The inexorable rise of data-driven marketing is set to fuel major growth in location-based advertising, with a new forecast predicting the global industry will be worth $163.5bn (£123bn) by 2026, witnessing a compounded annual growth rate of 18.5% over the next five years.
According to a new Research & Markets report, it is the rapidly growing digitalisation across business verticals, increasing adoption of Internet and GPS enabled mobile devices, and the accelerated use of customer data by advertisers that are the key factors behind the surge in demand.
Add into the mix, the increased use of social media by consumers, and advertisers’ expansion from conventional banner ads to new channels, and it is perhaps not too difficult to discover why location marketing is expanding across all industries.
One of the key driving forces is the fact that, under existing legislation, consumers have to opt-in to receive communications, meaning location-based marketing is being embraced through consumer choice, not just brands’ desire to target the public wherever they are; be that at home, at the shops or somewhere in between.
The digital outdoor advertising industry is also a major user of the technology. Kinetic’s “Journeys”, which delivers a greater understanding of audience behaviours “on the go” and Posterscope’s “Ecos Now”, which enables the planning, purchase and activation of digital campaigns in near real-time when it is going to have most impact, are two recent examples of OOH innovations.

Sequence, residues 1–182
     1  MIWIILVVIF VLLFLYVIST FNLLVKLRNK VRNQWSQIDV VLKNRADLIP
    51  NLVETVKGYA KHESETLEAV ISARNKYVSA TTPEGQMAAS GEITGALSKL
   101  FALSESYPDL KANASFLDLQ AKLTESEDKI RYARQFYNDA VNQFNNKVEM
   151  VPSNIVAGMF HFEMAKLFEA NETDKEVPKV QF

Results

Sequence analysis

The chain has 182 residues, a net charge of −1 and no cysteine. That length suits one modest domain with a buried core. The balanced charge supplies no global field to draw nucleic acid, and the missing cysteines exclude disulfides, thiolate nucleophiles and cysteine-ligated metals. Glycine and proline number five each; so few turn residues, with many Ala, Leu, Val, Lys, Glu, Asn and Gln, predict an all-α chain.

And, according to “The Moments of Truth” study commissioned by Clear Channel, JCDecaux UK and Posterscope, client marketers who embrace data-driven “contextually relevant messaging” in their digital out of home campaigns – which takes into account location, timing and pertinency – achieve an average +17% uplift in campaign effectiveness.
The Research & Markets report is the latest in a long line of forecasts which claim that the data-driven marketing industry will thrive in the post-Covid world.
The Harnham Recruitment Data & Analytics Salary Guide, published in July, showed that as businesses look to streamline existing processes and establish new ones, they are more reliant than ever on data professionals.
Meanwhile, the global data analytics market is also predicted to soar over the next five years, driven by businesses – both large and small – craving a better understanding of their customers. It is projected to be worth $512bn by 2026, and there will also be sharp rises in value for the big data market (up from $138.9bn to $229.4bn by 2025); subscription analytics (up from $9.7bn to $126.5bn by 2026) and ID solutions (doubling to $4.85bn).
The biggest winner by far, however, will be those companies operating in the digital transformation sector, with technologies and services that enable so-called “DX” forecast to soar to $7.4 trillion in three years, driven by data intelligence and analytics.
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